Mason bees are driven to collect huge amounts of pollen, which they make into balls and store for their young. On a warm spring day when fruit trees are in bloom, a single mason bee may make over 1,000 visits to collect pollen, all the while spreading bits of pollen from flower to flower. Because of their small size, mason bees are able to crawl inside tubular blueberry blossoms where honeybees do not fit.
Food and Habitat:
Mason bees earned their common name because they pack the cells of their nests with mud, but not before each compartment is stocked with an egg and a pollen ball for the hatchling to eat. Insect holes in trees are common nest sites, along with hollow sticks or branches. Some mason bees may nest in the ground. Mason bees are solitary insects that do not form colonies.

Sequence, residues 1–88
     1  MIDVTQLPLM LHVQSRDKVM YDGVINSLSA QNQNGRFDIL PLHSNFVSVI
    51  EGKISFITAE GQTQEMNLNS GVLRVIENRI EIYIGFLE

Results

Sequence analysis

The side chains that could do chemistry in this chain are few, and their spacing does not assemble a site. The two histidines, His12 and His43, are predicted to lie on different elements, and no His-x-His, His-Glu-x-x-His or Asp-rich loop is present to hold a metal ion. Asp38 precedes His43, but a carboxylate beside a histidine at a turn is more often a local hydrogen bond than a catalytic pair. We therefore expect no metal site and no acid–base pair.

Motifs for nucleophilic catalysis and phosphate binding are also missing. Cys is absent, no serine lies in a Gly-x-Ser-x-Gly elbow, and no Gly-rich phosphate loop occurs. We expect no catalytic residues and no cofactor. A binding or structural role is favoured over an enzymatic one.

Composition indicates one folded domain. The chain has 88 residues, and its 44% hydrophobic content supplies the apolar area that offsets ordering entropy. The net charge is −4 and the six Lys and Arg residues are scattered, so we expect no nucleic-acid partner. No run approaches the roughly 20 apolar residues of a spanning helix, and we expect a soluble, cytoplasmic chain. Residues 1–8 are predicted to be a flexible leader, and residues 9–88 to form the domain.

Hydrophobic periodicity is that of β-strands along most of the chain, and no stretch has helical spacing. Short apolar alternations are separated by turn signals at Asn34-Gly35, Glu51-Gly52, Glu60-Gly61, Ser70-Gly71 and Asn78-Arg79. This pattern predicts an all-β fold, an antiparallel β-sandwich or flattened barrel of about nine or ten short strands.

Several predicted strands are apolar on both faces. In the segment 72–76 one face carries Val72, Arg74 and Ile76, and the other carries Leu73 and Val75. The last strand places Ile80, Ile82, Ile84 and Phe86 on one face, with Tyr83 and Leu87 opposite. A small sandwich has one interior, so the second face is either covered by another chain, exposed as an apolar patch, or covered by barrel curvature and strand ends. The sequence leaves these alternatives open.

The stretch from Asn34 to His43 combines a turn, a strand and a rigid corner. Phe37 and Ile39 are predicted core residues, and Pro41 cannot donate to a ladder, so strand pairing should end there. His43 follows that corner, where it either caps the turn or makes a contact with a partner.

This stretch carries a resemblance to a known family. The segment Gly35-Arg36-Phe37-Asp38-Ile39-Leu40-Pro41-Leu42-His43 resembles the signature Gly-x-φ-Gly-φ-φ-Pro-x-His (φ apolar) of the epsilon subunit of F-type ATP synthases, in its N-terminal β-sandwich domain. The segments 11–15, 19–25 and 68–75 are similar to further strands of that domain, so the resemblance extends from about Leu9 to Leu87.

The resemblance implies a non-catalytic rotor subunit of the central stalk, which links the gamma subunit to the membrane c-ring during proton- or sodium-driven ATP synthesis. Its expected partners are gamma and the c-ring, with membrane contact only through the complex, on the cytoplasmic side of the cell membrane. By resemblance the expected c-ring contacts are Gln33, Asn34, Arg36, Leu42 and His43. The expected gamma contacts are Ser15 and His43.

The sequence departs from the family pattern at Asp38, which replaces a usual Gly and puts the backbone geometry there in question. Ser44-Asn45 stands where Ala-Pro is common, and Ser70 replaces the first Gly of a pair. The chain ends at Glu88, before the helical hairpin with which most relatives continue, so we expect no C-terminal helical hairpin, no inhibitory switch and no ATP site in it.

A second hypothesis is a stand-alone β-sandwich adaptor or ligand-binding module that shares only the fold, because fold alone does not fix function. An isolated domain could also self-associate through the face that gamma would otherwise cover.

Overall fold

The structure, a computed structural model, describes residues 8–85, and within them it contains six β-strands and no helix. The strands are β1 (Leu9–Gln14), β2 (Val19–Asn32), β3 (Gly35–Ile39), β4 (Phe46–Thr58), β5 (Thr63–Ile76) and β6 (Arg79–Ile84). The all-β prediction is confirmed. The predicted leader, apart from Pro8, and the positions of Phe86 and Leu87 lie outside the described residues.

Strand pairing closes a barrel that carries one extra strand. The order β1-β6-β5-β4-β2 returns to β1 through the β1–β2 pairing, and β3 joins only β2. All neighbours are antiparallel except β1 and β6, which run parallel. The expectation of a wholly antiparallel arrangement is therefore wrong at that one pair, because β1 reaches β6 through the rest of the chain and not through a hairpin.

Locations near wooded areas often host plenty of mason bees, but in urban areas with limited natural habitat you can make mason bee boxes by drilling holes into blocks of wood, or by providing bundles of hollow bamboo or even drinking straws, attached to fences, tree limbs or buildings. Homemade "insect hotels" are designed primarily to host mason bees.